At the recent Buttonwood economic conference in New York City, a team of economists addressed the question “What If a State Defaults“.

WHAT happens if an individual state defaults? That was the question posed to a panel of luminaries at the Buttonwood gathering in New York, including Robert Rubin, Josh Bolten, Glenn Hubbard, Laurence Meyer and Laura Tyson.

The panel was assumed to be a bunch of Presidential advisers faced with a request for funding from New Jefferson, a fictional state with many of the problems of a typical state – unfunded pension promises, years of fiddling the numbers to balance the budget and a government divided between the parties. New Jefferson is shut out from the markets and asks the Federal government for $1.5 billion to meet a debt repayment due 48 hours away. There could be systemic risks if default occurs with the Chinese government raising the issue of contagion and with some state banks owning a substantial portion of the state’s bonds.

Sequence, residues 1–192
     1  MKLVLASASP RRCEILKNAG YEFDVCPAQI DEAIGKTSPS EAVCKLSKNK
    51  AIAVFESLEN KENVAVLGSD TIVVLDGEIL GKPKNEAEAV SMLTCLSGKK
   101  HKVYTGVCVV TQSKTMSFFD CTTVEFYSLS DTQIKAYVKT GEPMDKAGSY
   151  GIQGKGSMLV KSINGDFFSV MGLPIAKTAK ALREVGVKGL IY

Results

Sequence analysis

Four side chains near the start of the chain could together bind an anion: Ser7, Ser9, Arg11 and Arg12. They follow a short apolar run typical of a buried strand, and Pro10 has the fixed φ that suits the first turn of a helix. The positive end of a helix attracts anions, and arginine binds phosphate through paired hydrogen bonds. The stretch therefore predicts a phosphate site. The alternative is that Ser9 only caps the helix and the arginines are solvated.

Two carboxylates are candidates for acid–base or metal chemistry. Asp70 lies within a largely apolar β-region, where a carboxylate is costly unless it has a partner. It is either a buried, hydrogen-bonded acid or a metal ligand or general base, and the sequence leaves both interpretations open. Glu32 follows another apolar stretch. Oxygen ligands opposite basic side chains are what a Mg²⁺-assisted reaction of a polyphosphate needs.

The panel reluctantly agreed to provide temporary funding for the state – say for 30 days – but to require the state to sort out its mess. But it suggested a whole series of stringent conditions, including the use of proper accounting and a requirement to fund its pension plans properly. they were divided over what would happened if New Jefferson failed to save its problem within 30 days.

This is a very long video that some readers might enjoy. However, the panel did not address whether the long-term pension problem can be tackled if the courts decided that existing pension rights are legally protected.

Long-term pension issues are without a doubt the most likely reason a state would default.
Mike “Mish” Shedlock
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